“It’s not like Python,” said Philip Carter, a senior product manager at HoneyComb, “It has a heritage based on functional programming, not out of smorgasbord programming that Python does.”

Carter, who spent six years working at Microsoft, and five years working with F# for Visual Studio Code, said that F# got its start as a basic Microsoft research project, “It’s really hard for a research project to become a real product,” said Carter.

According to Carter, F# provides excellent Visual Studio Code integration because it lets you use first class software development kits (SDKs) such as Badger, AWS, or any other service that has a standard .NET or small library. He also likes Immutable first, a feature that forces developers to structure their programming so that everything flows cleanly, from top to bottom. He said you can declare something as mutable by just turning off the Immutable first feature.

Immutable first …

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Build an API gateway with .NET 6, C#, YARP, and Netflix Eureka

Layla Porter March 1, 2022

In this previous blog, you learnt how to implement an API gateway in .NET 6 with YARP, a reverse proxy library. All external traffic can be routed through the API gateway to the backend services, making securing and managing the application far easier.

Cover image of a white wooden gate nestled in some large shrubs with white flowers

However, if you have a scalable, distributed system, your API gateway may not know where all of the instances of your services actually are. That’s where a service registry, such as Netflix Eureka can save the day.

Eureka is a RESTful service that is primarily used in the AWS cloud for the purpose of discovery, load balancing and failover of middle-tier servers. It plays a critical role in Netflix mid-tier infrastructure. It’s built with Java, but for your purposes, you can run Eureka easily from a Docker container.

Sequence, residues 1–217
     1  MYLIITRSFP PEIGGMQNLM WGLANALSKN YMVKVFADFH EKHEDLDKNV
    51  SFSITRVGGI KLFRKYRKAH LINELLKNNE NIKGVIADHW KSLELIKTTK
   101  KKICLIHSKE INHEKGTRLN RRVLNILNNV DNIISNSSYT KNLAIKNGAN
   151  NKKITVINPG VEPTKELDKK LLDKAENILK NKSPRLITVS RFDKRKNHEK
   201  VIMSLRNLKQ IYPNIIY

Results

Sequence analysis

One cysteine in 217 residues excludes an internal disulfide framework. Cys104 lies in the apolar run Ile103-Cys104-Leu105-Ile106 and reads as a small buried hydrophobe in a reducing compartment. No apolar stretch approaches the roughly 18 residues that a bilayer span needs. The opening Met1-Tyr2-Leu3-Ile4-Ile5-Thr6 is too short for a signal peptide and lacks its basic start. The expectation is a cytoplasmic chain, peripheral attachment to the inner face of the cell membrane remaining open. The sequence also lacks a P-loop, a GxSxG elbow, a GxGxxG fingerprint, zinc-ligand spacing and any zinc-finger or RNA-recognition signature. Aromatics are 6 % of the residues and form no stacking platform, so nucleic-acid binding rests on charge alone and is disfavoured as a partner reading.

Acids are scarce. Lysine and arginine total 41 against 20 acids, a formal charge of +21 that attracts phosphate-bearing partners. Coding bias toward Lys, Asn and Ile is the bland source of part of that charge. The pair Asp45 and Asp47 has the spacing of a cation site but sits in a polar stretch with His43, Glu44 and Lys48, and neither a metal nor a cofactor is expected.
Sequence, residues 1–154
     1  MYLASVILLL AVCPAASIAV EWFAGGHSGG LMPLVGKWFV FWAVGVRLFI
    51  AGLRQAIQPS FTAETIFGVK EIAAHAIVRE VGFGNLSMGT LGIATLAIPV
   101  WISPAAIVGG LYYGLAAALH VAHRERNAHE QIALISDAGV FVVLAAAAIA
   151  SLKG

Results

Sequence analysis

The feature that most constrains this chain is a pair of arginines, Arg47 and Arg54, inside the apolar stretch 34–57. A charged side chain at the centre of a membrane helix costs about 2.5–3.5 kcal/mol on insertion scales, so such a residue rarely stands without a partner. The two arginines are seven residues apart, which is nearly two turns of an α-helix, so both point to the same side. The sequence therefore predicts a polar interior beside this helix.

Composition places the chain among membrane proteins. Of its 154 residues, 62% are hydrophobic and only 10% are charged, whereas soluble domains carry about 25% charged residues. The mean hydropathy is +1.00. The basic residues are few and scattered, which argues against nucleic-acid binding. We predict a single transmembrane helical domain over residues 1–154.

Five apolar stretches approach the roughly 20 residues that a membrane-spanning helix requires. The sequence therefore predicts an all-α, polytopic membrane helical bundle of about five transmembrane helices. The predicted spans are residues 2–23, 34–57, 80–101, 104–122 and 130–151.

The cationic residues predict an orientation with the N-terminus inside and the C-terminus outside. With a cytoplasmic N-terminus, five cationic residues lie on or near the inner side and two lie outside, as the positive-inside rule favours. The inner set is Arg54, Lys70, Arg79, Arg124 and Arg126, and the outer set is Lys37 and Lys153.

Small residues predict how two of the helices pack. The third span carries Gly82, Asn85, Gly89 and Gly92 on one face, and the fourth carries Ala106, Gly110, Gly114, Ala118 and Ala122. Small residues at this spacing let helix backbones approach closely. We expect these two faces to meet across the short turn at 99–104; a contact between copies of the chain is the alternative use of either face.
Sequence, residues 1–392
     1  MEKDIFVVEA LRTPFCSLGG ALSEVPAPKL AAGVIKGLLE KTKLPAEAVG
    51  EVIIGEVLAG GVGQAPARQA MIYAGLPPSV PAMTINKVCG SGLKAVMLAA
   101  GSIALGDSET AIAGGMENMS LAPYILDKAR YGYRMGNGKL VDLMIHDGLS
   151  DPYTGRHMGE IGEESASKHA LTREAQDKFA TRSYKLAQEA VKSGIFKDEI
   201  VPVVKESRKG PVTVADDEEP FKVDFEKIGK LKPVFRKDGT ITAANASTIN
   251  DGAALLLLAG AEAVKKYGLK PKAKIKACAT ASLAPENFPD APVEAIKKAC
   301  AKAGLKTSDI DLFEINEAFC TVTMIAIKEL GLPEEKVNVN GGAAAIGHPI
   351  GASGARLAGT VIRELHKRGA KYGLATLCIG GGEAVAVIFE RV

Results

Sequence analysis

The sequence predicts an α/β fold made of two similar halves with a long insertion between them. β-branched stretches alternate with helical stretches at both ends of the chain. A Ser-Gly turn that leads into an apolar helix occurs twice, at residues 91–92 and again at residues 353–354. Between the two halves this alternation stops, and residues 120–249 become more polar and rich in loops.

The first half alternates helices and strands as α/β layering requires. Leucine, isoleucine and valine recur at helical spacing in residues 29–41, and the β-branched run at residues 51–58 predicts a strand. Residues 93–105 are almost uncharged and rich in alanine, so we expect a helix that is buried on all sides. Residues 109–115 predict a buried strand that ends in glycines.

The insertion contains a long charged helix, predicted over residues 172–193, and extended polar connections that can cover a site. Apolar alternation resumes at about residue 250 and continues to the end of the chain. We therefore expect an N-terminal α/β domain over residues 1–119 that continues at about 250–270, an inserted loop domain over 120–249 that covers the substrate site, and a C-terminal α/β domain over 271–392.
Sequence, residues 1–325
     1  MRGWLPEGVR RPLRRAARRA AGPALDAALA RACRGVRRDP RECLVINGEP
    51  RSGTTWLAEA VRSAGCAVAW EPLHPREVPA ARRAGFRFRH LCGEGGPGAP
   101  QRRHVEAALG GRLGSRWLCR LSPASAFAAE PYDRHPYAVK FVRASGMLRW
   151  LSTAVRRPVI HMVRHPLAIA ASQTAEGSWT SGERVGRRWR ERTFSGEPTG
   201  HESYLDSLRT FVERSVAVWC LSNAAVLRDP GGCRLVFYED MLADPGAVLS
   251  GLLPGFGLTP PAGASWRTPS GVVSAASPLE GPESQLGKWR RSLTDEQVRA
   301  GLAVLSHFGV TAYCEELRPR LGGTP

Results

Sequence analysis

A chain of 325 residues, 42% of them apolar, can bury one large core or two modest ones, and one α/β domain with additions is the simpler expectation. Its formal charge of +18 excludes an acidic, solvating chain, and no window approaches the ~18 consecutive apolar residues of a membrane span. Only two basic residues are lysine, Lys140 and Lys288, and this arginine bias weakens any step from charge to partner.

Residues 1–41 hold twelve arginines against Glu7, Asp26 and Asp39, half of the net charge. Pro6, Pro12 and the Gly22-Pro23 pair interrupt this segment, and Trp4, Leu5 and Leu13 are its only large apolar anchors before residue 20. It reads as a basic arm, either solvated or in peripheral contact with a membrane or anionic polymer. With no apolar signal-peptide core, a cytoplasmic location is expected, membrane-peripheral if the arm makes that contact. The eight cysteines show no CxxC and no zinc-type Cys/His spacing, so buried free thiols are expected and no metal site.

You’ll register all your services and instances with Eureka and then Eureka will tell your API gateway where everything is, so that it can direct traffic to the right place.

Before you begin you will need:

The API Gateway

If you followed along with the Build an API gateway with .NET 6, C# and YARP blog …

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Build an API gateway with .NET 6, C# and YARP

Layla Porter March 1, 2022

Consider an API gateway to be a virtual “garden gate” to all your backend services. Implementing one means that all external traffic must pass through the gateway. This is great as it increases security and simplifies a lot of processes such as rate limiting and throttling.

Cover image of a gateway silhouetted by the sun

There are many paid for services that offer API management but they can be costly and you may not need all the features they offer.

In this tutorial, you will build a basic API Gateway using YARP or “Yet Another Reverse Proxy”. YARP is an open-source library built by developers from within Microsoft. It’s highly customisable, but you are just going to use a simple implementation today.

Before you begin you will need:

What does an app look like without an API gateway?

Below is a simple diagram consisting of 3 services and a database - note our demo looks slightly different to this. The front end client app is talking directly to all three services directly. This means that each service will need to manage its own security and makes implementing patterns such as service discovery much harder.

Diagram showing a client and how it talks directly to 3 backend services

Once you add in an API gateway, as you can see in the diagram below, all external traffic …

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Log4Shell Vulnerability Spotlights the Importance of Adopting Trusted Open Source Software Providers for the Enterprise

Martin Perez & Raquel Campuzano Godoy December 21, 2021

On December 9, a vulnerability in one of the most popular Java libraries was revealed. Log4j (version 2) was affected by a zero-day exploit that resulted in Remote Code Execution (RCE), allowing attackers to do remote code execution in vulnerable environments. At this stage, everyone has heard about CVE-2021-44228, also known as Log4Shell.